|Publication number||US5280013 A|
|Application number||US 07/968,280|
|Publication date||Jan 18, 1994|
|Filing date||Oct 29, 1992|
|Priority date||Jul 5, 1991|
|Also published as||EP0584410A1|
|Publication number||07968280, 968280, US 5280013 A, US 5280013A, US-A-5280013, US5280013 A, US5280013A|
|Inventors||Nathan Newman, Aharon Kapitulnik, Brady F. Cole, Randy W. Simon|
|Original Assignee||Conductus, Inc.|
|Export Citation||BiBTeX, EndNote, RefMan|
|Patent Citations (10), Non-Patent Citations (8), Referenced by (55), Classifications (22), Legal Events (8)|
|External Links: USPTO, USPTO Assignment, Espacenet|
This application is a continuation of U.S. patent application Ser. No. 07/726,032, filed Jul. 5, 1991 now abandoned.
1. Technical Field
This invention concerns the production of electronic circuit devices that handle signals over a broad range of frequencies, particularly the higher, more demanding, microwave frequencies. More specifically, devices made from superconducting materials, especially high critical temperature (Tc) superconductors (HTS), are the subject of this process and product invention.
2. Background of the Invention
Electronic devices that operate from low frequencies up through the microwave portion of the spectrum are important for communication, data processing, and other applications. These devices include transmission lines, filters, resonators, delay lines and other structures. The performance of these devices can be enhanced by the use of superconducting materials, which offer lower resistive losses and lower dispersion of signals than normal metal conductors such as copper or gold.
Conventional superconductors, such as elemental niobium, require devices to be operated at temperatures near the boiling point of liquid helium (4 degrees Kelvin), a difficult and costly temperature to maintain. Higher Tc superconductors permit devices to operate at or near the more practical boiling point of liquid nitrogen (77 degrees Kelvin). The newer high Tc superconductors are members of a class of layered perovskite compounds in which electronic transport takes place in planes formed by copper and oxygen atoms. As a result, these materials are referred to as copper oxide superconductors or simply cuprates. Examples include varying stoichiometric compounds of YBaCuO, LaSrCuO, BiSrCaCuO, and TlBaCaCuO. Of particular interest is the compound composed of yttrium, barium, copper, and oxygen (YBCO) in the ratios of 1:2:3:7.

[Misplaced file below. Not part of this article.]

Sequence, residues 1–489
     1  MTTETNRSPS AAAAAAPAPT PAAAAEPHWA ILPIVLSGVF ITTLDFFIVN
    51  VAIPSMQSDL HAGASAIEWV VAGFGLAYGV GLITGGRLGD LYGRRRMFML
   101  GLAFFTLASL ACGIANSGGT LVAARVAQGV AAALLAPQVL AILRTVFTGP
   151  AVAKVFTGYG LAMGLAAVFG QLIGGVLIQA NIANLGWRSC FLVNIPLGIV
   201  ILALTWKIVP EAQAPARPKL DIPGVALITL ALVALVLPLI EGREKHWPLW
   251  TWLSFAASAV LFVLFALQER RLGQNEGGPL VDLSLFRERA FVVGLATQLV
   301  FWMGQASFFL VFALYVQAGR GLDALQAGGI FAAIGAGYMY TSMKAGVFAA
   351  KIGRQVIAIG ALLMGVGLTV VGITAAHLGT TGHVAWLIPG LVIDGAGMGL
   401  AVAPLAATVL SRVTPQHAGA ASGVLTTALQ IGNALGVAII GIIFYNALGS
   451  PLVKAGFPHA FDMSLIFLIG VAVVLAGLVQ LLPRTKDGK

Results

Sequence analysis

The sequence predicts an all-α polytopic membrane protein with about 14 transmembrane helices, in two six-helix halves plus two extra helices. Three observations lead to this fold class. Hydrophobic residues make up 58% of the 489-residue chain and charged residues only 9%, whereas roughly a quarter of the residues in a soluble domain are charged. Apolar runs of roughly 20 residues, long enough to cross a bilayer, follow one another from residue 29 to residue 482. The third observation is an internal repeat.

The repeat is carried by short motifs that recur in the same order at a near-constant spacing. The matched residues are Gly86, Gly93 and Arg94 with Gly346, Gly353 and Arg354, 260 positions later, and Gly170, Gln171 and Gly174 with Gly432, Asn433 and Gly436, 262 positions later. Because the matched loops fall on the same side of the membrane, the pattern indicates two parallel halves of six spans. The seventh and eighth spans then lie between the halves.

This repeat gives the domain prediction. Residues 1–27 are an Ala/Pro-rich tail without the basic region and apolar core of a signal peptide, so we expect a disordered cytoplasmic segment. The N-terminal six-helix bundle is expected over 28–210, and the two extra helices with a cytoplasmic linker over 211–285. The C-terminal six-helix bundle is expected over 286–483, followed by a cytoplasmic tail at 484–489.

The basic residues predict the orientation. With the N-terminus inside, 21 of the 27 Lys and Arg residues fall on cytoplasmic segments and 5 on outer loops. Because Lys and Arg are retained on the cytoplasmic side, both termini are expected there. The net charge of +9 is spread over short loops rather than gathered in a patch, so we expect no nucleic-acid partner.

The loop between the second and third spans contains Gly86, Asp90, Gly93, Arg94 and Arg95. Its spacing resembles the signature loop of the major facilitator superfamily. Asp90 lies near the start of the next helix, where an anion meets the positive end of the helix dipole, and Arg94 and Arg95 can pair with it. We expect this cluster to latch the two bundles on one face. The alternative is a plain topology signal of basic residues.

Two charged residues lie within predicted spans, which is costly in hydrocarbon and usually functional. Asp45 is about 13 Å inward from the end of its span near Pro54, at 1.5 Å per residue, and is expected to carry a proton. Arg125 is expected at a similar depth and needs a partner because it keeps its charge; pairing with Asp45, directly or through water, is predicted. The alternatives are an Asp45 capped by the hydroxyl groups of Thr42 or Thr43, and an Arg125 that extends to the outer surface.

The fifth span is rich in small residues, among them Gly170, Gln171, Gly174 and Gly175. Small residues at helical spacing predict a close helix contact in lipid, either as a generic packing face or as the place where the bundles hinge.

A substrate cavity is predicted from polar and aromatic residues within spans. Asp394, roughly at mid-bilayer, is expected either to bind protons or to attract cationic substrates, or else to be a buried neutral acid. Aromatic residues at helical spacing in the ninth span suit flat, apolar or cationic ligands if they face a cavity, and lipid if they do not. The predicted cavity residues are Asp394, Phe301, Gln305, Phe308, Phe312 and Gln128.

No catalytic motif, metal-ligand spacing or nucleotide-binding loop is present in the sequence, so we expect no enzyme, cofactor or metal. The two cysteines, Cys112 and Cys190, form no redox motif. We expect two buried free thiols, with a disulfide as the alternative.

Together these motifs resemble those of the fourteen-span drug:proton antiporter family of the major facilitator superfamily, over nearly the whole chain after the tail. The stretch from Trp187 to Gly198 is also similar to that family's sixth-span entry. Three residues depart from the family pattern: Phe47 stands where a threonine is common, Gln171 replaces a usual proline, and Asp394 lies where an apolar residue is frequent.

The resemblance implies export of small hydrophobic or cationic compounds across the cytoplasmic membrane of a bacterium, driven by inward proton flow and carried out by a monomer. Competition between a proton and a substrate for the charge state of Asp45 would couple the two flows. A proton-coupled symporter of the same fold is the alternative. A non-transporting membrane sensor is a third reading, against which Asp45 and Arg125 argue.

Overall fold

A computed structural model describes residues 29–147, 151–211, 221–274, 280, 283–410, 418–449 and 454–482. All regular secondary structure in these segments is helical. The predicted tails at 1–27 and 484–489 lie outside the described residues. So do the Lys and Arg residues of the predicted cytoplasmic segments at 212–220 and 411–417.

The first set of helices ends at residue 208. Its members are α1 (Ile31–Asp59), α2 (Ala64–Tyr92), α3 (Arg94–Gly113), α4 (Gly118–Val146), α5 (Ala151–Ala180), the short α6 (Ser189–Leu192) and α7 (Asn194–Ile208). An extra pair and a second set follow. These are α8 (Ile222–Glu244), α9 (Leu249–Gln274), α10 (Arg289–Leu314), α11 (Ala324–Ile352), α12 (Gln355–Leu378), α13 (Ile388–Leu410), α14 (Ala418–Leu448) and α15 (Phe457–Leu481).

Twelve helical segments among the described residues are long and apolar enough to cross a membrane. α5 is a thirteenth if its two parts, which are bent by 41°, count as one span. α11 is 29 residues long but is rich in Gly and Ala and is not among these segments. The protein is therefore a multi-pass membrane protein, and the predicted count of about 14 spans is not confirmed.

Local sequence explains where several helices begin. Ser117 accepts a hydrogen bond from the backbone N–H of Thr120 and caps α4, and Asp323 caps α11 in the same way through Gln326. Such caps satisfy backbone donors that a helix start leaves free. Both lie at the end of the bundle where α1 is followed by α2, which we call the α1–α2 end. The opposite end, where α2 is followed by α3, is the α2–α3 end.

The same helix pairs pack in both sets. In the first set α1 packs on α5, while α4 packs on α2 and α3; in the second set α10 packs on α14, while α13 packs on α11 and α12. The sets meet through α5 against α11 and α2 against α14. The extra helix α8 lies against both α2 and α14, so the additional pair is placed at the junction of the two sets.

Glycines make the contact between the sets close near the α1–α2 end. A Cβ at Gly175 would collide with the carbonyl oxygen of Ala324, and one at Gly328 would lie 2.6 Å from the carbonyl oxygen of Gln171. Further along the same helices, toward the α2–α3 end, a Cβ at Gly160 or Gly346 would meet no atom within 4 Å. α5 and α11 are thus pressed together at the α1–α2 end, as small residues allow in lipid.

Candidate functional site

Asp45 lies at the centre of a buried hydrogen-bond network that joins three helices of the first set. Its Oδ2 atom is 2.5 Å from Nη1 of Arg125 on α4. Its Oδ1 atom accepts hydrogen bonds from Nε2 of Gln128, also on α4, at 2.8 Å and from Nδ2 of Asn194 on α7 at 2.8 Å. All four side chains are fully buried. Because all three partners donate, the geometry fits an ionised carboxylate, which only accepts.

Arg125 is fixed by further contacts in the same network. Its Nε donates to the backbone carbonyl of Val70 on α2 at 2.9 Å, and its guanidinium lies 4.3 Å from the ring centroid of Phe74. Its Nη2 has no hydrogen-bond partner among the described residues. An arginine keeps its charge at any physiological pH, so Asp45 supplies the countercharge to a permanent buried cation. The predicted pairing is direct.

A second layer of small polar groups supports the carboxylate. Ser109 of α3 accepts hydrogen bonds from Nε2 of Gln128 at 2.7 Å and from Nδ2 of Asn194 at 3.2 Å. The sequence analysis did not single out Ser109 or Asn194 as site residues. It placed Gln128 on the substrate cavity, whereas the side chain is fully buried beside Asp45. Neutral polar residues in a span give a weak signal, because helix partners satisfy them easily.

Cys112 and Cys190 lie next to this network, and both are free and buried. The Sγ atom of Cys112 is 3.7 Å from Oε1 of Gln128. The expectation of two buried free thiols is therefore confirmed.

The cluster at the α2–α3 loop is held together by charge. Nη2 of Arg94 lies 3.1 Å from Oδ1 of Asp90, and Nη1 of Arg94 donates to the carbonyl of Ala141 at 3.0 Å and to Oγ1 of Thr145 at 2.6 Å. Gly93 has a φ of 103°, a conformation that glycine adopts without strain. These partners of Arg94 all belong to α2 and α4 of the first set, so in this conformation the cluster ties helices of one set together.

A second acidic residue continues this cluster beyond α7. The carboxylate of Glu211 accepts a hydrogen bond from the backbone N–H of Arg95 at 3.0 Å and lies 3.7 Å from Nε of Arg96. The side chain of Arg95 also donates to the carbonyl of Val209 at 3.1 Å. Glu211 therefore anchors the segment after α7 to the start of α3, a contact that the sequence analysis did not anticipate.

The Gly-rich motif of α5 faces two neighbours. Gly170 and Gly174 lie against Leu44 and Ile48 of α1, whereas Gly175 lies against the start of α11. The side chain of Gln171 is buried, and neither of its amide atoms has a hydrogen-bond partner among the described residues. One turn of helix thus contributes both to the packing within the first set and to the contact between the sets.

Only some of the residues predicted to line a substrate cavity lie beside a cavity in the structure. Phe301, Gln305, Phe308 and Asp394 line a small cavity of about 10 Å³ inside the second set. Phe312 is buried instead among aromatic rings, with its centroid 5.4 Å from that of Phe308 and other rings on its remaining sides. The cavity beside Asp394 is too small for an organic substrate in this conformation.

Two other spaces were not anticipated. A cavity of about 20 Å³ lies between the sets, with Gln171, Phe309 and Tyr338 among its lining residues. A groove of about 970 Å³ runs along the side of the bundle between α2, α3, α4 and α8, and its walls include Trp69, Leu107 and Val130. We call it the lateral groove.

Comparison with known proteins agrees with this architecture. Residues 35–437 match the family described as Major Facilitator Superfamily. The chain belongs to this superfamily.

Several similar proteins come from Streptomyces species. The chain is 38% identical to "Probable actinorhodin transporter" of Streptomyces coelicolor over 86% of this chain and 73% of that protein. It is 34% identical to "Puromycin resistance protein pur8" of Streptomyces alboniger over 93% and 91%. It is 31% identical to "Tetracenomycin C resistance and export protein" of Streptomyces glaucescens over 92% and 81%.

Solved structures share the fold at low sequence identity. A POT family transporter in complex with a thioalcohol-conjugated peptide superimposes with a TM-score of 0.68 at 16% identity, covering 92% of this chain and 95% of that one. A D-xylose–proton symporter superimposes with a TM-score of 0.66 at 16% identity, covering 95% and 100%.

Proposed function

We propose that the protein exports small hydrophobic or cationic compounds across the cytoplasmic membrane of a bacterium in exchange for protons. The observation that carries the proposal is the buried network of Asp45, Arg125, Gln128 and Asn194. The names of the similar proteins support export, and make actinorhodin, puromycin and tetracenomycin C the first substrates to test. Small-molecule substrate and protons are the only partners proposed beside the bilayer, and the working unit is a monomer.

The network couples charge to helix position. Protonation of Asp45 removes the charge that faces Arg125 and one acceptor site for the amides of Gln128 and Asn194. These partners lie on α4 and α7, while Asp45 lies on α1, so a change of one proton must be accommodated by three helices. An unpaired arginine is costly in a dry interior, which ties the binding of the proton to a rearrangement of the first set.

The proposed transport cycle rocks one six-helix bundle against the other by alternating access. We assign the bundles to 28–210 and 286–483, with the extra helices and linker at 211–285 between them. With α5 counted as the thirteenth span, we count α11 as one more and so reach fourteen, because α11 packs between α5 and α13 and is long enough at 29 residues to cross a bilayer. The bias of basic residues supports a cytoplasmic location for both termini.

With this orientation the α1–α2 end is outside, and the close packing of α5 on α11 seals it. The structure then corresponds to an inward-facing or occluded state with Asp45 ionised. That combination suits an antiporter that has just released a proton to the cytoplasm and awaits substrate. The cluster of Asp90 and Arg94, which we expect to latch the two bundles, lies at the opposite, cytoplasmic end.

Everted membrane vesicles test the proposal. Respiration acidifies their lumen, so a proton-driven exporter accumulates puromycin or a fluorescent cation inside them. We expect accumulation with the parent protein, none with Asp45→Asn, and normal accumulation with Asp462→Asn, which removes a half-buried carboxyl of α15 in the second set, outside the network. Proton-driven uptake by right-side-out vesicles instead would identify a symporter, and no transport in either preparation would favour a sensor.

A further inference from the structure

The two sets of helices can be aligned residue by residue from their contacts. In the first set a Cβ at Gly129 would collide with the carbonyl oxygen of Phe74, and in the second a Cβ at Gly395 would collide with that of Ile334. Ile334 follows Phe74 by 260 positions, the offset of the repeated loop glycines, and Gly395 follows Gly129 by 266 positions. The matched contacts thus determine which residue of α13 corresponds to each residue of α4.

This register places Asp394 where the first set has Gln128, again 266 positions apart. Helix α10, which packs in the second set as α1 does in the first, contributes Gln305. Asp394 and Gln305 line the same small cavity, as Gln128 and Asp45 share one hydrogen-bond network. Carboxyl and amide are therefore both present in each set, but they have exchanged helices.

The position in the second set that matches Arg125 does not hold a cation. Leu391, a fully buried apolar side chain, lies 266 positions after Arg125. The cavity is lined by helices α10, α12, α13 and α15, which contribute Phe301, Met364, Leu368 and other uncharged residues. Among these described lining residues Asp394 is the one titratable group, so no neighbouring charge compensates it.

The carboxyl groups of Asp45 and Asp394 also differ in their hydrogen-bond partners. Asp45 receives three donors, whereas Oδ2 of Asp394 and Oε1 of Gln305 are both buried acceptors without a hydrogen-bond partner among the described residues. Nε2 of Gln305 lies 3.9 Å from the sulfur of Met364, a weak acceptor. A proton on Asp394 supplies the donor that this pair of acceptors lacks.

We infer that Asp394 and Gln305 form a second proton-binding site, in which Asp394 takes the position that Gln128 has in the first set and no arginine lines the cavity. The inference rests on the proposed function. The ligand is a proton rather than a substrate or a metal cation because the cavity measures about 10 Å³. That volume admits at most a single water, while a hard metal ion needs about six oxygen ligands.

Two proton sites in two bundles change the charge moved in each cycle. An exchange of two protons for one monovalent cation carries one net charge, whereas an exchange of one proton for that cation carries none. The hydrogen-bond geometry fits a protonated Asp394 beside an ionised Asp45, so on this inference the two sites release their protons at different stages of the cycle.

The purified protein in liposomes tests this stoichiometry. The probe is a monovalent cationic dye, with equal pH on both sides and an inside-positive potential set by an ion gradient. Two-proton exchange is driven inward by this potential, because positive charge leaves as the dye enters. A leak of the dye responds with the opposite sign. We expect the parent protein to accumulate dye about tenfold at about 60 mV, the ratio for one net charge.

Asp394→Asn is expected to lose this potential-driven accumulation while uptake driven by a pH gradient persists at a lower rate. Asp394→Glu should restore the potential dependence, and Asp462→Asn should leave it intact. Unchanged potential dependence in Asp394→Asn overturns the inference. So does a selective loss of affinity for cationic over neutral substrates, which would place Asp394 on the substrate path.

The application of HTS technology to electronic devices, especially in the microwave region of the electromagnetic spectrum, has been complicated by the fabrication requirements for HTS films. In particular, the basic device geometry needed for microwave components is difficult to achieve with the materials and methods currently in practice. Typical microwave circuit elements and general impedance matched transmission lines consist of a ground plane metallization, a dielectric layer overlaying the ground plane, and a thin strip conductor layer, on top of the dielectric layer, that contains the active circuit. Alternating current signal propagation is primarily by electromagnetic waves traveling in the dielectric layer between the ground plane and the thin strip.
The circuit elements need to be impedance matched for efficient and reflection free operation. The impedance of the structure is determined by the thickness of the dielectric layer, its dielectric constant, and the width of the conducting strip. For standard 50 ohm impedances, commonly used dielectric materials dictate dielectric thicknesses comparable to the line widths of the conducting layer. In densely packed circuits, with line widths on the order of a few microns, dielectric thickness must also be on the order of only a few microns.
The difficulty of fabricating high temperature superconducting films on opposite sides of a very thin dielectric layer, perhaps as thin as a few microns, has restricted the development of HTS microwave devices. Common sense suggests two possible approaches to this problem. The first approach would be to deposit superconductor film on opposite sides of a thin dielectric substrate such as lanthanum aluminate or sapphire. The second approach would be to deposit the layers sequentially (superconductor, dielectric, superconductor) on a thick substrate. Unfortunately, neither of these approaches is practical because of the essential requirements for depositing thin HTS films.